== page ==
A brief preamble: I believe we are finally at a turning point in our understanding of artists in the world. There is less Art-Speak and more direct engagement; less ego and more authenticity; less talk about genius and more about the honest work of showing up every day to craft something useful in the world – a story, a painting, a poem, a song, a performance. It’s less about competition between artists now than it is about sharing resources and supporting one another as we navigate the changing seas, together.

Art is less about the narrow pathways of our established industry, and more about the billions of people who have no desire to learn art-speak, but love art, nonetheless. It’s in this spirit (and in human-speak) that I offer my story as an artist. (Bio for publications is at the bottom of the page, links to both Music and Art CVs below this title).

My Story

I was raised in a conservative but musical town of twenty-two thousand souls from age seven until seventeen. At age twelve I learned to paint watercolour landscapes at the Mary Schneider School of Art in Madoc, and traded my little violin for a cello which I took to International Music Camp, and played in the local orchestra. At seventeen I was living in Toronto and enrolled at York University as a fine art Studio Major. I was also managing, writing music for and performing with an a cappella band that played throughout Southern Ontario and had a few stints in New York. After York U I worked in the advertising industry, the insurance industry and then the music touring industry – the latter a burn-out job with a little company whose owners had bad cocaine habits and went bankrupt several times over (such was rock and roll in the late 1980s).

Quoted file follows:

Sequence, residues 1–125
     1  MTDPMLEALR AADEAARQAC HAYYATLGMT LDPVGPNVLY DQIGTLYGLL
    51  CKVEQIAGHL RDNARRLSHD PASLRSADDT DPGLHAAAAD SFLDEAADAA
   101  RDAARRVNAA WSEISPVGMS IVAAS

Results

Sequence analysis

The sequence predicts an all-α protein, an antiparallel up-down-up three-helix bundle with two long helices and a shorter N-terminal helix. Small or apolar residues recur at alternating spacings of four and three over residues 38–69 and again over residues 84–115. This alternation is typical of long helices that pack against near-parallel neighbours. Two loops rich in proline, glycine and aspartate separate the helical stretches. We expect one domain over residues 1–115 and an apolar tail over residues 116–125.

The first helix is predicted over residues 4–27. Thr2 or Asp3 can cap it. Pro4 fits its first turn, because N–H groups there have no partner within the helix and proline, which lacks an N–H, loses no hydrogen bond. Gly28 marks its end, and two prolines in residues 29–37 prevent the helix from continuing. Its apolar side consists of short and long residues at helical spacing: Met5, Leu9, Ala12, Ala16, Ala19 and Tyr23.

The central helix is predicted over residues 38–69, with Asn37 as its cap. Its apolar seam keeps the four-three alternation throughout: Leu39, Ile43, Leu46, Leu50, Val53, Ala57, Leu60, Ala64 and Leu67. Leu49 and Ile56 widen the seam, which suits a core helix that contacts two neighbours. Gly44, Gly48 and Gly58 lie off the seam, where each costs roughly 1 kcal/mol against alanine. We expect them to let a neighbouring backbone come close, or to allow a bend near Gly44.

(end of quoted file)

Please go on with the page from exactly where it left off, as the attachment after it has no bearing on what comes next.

I recovered from the burnout by traveling for a year in my car, and landed finally in a little off-grid hut I built on my parent’s farm. Imagine a twenty-five acre field over which the sun rises in full splendour every morning and the stars shine every night, lined with cherry trees whose blossoms carpet the ground every spring. It was in this poem of a place where I first felt the spinning of the earth in my belly, the orbit of the moon, and the orbit of our planet around the sun – a universal dance, soaring and spinning in my bones. What a generous, healing time, when I so needed healing. We played a lot of music in those years too, and laughed a great deal.